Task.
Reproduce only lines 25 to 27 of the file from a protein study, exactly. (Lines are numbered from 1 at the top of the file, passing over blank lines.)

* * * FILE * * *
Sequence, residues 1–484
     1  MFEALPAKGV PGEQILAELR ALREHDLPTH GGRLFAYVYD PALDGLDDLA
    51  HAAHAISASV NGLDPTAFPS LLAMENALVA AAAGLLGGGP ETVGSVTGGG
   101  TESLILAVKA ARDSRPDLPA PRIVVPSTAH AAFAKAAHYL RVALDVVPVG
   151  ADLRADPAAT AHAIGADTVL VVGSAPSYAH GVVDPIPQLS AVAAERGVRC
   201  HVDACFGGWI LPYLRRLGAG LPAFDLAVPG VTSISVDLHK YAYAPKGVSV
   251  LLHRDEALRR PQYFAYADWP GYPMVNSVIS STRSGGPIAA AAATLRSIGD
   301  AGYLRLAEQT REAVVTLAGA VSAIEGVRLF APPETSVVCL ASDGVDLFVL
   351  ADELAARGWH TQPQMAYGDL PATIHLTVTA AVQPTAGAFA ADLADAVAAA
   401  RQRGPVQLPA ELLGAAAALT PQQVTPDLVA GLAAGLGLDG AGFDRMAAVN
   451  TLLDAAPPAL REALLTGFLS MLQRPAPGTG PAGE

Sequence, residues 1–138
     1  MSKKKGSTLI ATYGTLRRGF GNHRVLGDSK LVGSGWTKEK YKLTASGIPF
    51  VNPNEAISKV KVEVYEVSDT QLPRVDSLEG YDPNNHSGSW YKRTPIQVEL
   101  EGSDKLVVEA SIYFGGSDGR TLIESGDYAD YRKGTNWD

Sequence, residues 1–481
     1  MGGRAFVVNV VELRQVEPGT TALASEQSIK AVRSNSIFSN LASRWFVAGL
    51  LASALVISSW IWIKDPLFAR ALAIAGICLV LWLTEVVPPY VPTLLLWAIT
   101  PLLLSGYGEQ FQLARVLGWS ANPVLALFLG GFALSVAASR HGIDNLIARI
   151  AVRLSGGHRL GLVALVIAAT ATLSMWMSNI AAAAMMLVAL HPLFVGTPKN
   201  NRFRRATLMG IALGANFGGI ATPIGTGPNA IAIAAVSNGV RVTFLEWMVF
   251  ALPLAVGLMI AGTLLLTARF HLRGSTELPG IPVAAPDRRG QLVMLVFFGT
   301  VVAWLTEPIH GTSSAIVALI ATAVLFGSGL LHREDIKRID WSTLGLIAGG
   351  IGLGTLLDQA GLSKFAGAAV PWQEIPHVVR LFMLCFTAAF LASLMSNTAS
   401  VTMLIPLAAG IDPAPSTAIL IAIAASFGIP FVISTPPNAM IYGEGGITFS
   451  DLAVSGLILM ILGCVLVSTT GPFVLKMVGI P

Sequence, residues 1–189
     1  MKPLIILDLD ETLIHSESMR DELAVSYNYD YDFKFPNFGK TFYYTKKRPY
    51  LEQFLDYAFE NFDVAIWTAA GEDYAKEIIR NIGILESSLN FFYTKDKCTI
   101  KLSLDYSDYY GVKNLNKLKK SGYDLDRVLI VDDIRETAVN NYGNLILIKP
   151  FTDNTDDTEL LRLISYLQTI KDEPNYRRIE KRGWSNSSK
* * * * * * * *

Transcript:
   401  VTMLIPLAAG IDPAPSTAIL IAIAASFGIP FVISTPPNAM IYGEGGITFS
   451  DLAVSGLILM ILGCVLVSTT GPFVLKMVGI P

Sequence, residues 1–189